We once again witnessed the ridiculousness of the separation between men and women at the Western Wall when female journalists were forced to stand on chairs to see US Vice-President Michael Pence pray at the Western Wall during his recent visit. No one, not even the rabbi of the Western Wall, can explain the benefit or importance of this separation of the sexes.
Dr. Bat-Sheva Margalit Stern, associate professor of history at the Schechter Institute of Jewish Studies, contrasts the leadership of Meir, who disavowed feminism, with the leadership of Ada Fishman Maimon, an advocate of feminism, one of the founders of Women Workers Movement and a member of Knesset. Watch the video to learn more about Meir and Maimon’s differing leadership styles.
I was born two years prior to the Six-Day War when Jerusalem was still a divided city, with barbed wire and concrete walls separating the two sections. Jerusalem totally changed by the time I grew up. It became a city without borders, an exciting and fascinating place, whose spaces were accessible to everyone. One could experience the city on a personal, one to one basis. My urban encounter spanned the entire city…
Distress signals sent out by secularists in recent months have been picked up loud and clear by the Secular Forum, though stridency does not necessarily ensure soundness of the writers’ arguments or best serve their interests. The most important step of any strategy is precise analysis of a given situation. Incorrect analysis leads to hasty action that fails to solve the problem or actually exacerbates it.
In recent months, acrimonious public debate has been raging in Israel over Jewish education enrichment programs. The Secular Forum has been especially vociferous against what it terms “religionization” in non-orthodox state schools, sounding the alarm at the prospect of secular children coming into any contact whatsoever with Jewish content. Were it not for the religious Minister of Education imposing his Jewish agenda, goes secularist reasoning, their children could be studying philosophy, Darwinian theory of evolution, and even Shakespeare.
During the past two months, we have witnessed three major cases of a lack of pluralism and tolerance in the State of Israel, most of them carried out by Israeli Orthodox rabbis. They seem to believe that there is only one correct way to be Jewish and that those who deviate from that path are not real rabbis and should be shunned. Since these Orthodox rabbis from different backgrounds seem to share this lack of pluralism and tolerance, maybe they are simply reflecting the concensus of Jewish tradition. Is this true?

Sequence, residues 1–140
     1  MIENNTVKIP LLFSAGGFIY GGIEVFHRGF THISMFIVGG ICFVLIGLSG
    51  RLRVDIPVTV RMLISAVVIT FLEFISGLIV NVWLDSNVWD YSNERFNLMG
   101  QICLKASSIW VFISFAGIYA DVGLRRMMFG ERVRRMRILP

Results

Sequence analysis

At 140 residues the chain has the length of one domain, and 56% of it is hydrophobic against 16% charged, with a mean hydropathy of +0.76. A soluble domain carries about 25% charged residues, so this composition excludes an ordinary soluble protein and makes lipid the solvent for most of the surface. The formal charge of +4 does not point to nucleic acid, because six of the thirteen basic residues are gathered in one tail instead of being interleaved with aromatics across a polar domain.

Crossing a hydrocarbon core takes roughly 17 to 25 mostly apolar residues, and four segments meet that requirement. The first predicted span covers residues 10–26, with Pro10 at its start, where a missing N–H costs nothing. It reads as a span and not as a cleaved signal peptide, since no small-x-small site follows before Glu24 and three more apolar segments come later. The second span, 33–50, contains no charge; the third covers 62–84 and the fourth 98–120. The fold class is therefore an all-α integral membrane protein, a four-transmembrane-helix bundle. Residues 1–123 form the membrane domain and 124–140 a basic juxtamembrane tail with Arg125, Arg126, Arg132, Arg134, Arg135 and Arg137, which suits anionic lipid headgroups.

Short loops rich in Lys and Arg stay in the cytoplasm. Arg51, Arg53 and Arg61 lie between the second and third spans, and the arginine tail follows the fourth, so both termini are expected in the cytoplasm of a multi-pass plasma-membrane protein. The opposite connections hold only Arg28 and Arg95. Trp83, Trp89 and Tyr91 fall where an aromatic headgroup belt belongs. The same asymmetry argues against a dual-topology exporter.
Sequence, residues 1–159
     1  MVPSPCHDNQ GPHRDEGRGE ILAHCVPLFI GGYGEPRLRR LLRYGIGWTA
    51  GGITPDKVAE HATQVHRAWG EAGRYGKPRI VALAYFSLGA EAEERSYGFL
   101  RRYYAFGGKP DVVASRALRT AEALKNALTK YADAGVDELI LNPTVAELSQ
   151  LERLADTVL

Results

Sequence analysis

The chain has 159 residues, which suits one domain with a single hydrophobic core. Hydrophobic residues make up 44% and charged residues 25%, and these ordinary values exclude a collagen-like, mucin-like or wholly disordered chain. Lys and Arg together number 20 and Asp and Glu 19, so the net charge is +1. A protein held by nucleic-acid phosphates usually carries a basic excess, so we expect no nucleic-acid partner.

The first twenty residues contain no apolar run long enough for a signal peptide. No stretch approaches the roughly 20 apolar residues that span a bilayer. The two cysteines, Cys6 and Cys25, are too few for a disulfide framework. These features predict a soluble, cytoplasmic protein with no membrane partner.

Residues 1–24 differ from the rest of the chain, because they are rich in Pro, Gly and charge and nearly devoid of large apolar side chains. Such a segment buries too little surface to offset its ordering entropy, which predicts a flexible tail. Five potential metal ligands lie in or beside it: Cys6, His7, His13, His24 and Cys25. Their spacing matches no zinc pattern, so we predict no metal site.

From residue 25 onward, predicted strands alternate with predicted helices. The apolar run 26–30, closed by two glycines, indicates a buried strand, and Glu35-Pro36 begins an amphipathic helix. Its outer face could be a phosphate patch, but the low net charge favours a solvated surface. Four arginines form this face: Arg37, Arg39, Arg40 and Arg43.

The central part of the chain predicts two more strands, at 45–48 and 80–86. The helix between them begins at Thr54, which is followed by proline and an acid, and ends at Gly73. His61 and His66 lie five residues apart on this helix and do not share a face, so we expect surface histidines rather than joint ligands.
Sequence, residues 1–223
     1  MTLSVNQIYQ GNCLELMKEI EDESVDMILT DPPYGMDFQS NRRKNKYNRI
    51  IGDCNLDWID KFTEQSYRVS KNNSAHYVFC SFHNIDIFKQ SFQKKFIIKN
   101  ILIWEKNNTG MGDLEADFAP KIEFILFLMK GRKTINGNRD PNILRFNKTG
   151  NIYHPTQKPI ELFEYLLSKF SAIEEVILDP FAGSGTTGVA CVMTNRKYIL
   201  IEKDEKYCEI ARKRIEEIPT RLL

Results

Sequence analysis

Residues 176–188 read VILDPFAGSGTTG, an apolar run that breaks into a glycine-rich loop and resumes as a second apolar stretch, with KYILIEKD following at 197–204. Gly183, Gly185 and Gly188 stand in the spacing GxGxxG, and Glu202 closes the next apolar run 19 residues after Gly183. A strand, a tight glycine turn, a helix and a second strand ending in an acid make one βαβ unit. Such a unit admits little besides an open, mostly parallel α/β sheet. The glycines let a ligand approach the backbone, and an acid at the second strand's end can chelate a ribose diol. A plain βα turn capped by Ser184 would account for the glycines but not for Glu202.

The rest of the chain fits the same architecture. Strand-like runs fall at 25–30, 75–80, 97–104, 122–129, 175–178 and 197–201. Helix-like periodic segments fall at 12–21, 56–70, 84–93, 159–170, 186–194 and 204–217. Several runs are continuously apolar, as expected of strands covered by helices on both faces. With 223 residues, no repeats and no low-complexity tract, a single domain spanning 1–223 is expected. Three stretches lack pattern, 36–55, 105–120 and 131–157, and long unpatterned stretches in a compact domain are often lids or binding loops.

Much has been written about the current war against Hamas in Gaza. What can we learn from our sources about the current conflict?
During the past few years we have witnessed a growing phenomenon of “price tag” attacks in which religious Zionist teenagers attack innocent Arabs and deface Mosques as revenge for specific terror attacks or for Israeli government decisions about destroying illegal homes or settlements. On July 2nd, in the wake of the brutal murder of Naftali Fraenkel, Gil-Ad Shaer and Eyal Yifrah hy”d, six young religious Jews apparently kidnapped and brutally murdered Muhammad Abu Khdeir
On December 7, 2010, The Jerusalem Post reported (Jpost.com) that a group of forty municipal rabbis in Israel published a letter which said that it is forbidden to sell or rent apartments to non-Jews (nokhrim) in Israel.
During the past eight years, Palestinian terrorists have fired many thousands of rockets at civilian targets in Israel. To be more specific, since Israel withdrew from Gaza in August 2005, in order to allow the Palestinians to govern themselves, and December 31, 2008, terrorists fired 6,300 rockets and mortars at civilian targets in Israel.